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The sex shops and strip clubs are notable by their absence, the small number of mainly middle-aged women hanging out on the anonymous urban street do not draw attention to themselves and there are rarely more than a few cars at the kerbside. Until it was legal both to buy and sell sex in Sweden, although brothels were banned, as were profiting from the sexual labour of others and advertising sexual services.
These restrictions remain in place today, but they were joined in by a new law which criminalized men who pay for sex. Casting prostitutes as the victims of the sex trade, the idea of the law is that it shifts the blame onto men who pay for sex.
This is now being held up in Britain and elsewhere as a good example of how to reduce prostitution. Supporters of the law, which leads to about 50 convictions per year, say it is all about handling supply and demand. This is one way, at least, to control demand," says Jenny Sonesson, secretary of the Liberal Party's women's movement.
The law is widely credited with a fall in the number of street prostitutes. Official estimates put the number in Stockholm at in , compared with before the ban. The number was even lower immediately after the ban, but has since crept back up. Opponents, including many prostitutes themselves, say the fall is not what it seems - they say the trade has merely gone underground and online, putting sex workers in greater danger. There is little doubt that many prostitutes in Sweden, as elsewhere, have simply migrated onto the internet.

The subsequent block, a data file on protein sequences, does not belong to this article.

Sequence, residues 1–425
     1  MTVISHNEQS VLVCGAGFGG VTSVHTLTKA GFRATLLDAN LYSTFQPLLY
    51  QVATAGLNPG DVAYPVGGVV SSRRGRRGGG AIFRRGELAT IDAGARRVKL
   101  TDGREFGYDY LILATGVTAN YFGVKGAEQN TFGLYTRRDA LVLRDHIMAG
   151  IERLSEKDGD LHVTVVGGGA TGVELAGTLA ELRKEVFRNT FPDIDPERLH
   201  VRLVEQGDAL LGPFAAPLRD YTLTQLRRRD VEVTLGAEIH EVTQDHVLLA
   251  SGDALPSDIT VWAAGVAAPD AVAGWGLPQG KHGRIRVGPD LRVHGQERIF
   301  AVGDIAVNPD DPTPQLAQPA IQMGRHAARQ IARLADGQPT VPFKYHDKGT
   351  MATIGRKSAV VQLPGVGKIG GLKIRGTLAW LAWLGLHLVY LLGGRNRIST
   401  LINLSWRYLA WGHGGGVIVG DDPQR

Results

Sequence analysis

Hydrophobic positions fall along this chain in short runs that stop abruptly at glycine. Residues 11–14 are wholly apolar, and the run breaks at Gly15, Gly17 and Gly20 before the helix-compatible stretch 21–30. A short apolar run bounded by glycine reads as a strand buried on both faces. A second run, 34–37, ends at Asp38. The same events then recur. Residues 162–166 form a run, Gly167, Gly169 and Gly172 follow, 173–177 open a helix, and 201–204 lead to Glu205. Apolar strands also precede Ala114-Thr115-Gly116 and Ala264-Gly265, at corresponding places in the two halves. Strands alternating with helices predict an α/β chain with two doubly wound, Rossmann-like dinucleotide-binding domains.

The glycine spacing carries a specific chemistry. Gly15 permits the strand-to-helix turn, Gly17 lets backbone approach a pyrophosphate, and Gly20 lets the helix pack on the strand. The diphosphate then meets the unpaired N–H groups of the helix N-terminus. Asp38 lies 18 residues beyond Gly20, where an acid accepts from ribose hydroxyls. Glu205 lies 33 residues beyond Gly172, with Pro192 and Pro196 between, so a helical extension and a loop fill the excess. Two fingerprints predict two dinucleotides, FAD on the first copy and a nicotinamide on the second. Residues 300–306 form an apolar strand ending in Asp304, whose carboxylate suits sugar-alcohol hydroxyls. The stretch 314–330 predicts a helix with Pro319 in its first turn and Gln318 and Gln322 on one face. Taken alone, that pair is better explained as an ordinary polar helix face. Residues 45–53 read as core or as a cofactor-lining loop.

She believes there is more prostitution now than in Lund - not her real name - says the law, combined with the stigma attached to prostitution, makes it impossible to put accurate figures on the number of people in the sex trade:. And since it's very easy to have steady clients, prostitutes have no real need to advertise their services," she says. She is backed up by a new report from the National Board of Health and Welfare, which admits that it can't say whether the law has reduced the number of prostitutes:.